Home Featured Stories Windham Budget Woes Force RIF’s

Windham Budget Woes Force RIF’s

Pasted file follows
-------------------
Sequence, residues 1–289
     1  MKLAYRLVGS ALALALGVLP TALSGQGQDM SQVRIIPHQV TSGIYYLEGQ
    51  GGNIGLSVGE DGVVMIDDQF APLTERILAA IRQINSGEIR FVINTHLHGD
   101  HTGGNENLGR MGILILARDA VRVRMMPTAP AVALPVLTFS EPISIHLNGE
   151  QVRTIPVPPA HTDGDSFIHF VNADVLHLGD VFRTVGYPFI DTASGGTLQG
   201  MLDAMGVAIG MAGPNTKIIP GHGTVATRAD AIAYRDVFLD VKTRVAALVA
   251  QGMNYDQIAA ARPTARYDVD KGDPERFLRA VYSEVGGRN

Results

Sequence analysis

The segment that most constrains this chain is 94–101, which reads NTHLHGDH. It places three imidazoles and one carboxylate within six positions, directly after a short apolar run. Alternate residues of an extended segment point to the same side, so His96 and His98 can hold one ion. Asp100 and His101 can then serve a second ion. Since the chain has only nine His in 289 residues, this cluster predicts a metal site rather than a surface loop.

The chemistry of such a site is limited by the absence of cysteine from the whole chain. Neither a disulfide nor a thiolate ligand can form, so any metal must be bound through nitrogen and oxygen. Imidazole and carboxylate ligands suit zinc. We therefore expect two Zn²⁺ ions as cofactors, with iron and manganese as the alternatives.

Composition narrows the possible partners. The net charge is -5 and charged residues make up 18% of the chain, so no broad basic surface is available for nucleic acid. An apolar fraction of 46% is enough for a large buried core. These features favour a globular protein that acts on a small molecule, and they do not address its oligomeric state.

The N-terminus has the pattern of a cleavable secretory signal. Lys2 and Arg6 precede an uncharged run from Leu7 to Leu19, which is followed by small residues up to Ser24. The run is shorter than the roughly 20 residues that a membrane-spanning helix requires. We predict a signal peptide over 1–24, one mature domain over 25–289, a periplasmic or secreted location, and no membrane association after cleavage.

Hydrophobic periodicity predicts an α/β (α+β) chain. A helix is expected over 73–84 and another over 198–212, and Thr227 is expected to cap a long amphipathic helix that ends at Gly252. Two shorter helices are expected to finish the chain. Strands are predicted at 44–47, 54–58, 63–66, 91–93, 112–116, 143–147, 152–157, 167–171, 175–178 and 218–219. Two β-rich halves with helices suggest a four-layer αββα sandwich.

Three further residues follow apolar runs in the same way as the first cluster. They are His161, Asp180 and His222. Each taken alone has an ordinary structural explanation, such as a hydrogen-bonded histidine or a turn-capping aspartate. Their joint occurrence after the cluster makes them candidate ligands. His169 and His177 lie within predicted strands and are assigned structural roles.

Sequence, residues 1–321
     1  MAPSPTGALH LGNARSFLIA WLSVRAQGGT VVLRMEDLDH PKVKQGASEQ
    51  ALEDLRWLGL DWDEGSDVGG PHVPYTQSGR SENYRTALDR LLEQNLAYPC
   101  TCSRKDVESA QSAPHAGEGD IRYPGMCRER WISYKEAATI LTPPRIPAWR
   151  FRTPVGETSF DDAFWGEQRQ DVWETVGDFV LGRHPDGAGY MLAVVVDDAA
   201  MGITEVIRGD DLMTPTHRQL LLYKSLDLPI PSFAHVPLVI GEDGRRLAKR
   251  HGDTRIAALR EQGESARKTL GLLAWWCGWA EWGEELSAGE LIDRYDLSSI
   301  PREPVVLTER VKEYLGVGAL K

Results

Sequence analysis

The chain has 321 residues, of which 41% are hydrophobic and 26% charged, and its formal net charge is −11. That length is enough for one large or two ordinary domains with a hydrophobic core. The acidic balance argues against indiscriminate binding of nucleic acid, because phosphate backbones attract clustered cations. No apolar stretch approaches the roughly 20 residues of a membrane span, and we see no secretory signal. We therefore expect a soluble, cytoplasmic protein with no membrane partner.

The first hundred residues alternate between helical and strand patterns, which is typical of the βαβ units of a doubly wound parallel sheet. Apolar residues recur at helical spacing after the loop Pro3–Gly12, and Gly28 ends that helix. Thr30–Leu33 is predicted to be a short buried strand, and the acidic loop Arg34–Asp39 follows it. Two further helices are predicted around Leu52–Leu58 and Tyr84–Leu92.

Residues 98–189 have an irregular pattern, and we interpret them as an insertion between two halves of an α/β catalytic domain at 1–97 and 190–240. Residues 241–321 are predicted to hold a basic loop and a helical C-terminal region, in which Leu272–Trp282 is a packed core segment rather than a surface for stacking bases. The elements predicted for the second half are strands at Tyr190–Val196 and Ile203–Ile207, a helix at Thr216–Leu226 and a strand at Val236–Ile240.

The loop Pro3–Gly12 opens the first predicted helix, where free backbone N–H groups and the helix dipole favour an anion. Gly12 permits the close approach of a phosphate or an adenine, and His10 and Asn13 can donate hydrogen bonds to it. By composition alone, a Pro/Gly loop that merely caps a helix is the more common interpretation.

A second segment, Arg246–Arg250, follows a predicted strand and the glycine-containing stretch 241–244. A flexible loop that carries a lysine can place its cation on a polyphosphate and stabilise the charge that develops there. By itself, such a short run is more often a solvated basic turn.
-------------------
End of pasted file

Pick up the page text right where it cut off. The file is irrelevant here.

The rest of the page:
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Windham – The state budget is in and said what everyone hoped it wouldn’t say — big revenue losses for the Windham School District. The board of education (BOE) was hoping it would not come down to loss of jobs but after running on bare bones the last few years a Reduction in Force (RIF) was their only alternative if the district is to survive. At the March BOE meeting the district announced that it would eliminate 26 positions and they would determine the specific staff members after analyzing everyone’s credentials. The other shoe so to speak fell as the BOE felt it had no alternative but to RIF 23 employees and adjust their curriculum.  Mr. Gregg Isler superintendent said it was a difficult but necessary process that needed to be done so the district can survive. The list of staff cuts included art, music and band instructors; however they will be offering those electives in some capacity next year. So those who are wondering about the new band uniforms, yes they will be worn and used in the 2011 -2012 school year.  Some of the staff cuts involve elective courses that only had a few students interested in taking them. The courses they eliminated will be replaced by more interesting classes that will benefit the students and still fulfill college requirements. Prior to the RIFs the district had students fill out a survey on what electives they would like to see offered and the number one desire was to have a Science of Sports. This class would help students mathematically figure out the entire hows and whys of the sports facilities, equipment, and etc. using mathematical computations. The district anticipates having the full elective course list in place in the next week or so. Questions were asked about the future of the district. Isler said he anticipates that they will have to continue to adjust their staff and budget over the years but doesn’t anticipate that it will be as severe as this year. The district plans to announce they will have a public forum in the near future to answer any questions the public may have on these issues.  I took to the streets last week to see what the public had to say about the cuts in the district. The over all feeling was Ohio needs to change the way it funds districts and they need to do it soon. Many thought it was a sad day for public education in the community, and felt badly about the losses the district faced, while hoping there would be some changes in the funding that would allow the district to bring some of the staff back for the next school year. While there were those who felt bad, others were more indifferent about the scenario and pretty much were resolved to the attitude of it is what it is. Many of the folks who weighed in on the issue were quick to put the blame on student losses to open enrollment and on the housing units demolished in the projects. So I checked with the district and found they have 101 students opened enrolled in other district while taking in only 46 from other districts. So there are some losses here that effect the over all budget. I also checked on the housing situation and yes they have torn down some of the project housing but most of the ones they took down were unoccupied and in poor condition. The tenants who occupied some of the units that were demolished were relocated to other unoccupied units in other buildings. So this has had little if no effect on the situation.In other BOE news, the board approved to house their own multi-handicap unit in the elementary school rather than bus them to other schools. Isler stated, “That they feel confident that they can best serve those students needing this service, in their own district.” They also approved to have an ED behavioral unit at the Jr. / Sr. high school. Lastly the Board announced that they would make up their calamity days at the end of the school year. Seniors will be required to return to class for two days after commencements due to state requirements. The state allows seniors to be dismissed from three days of classes, however by adding the calamity days at the end of the year forces the district to either change graduation day or have the seniors return after commencements. The board chose to have the seniors return. The BOE meets on the fourth Thursday of each month at 7 p.m.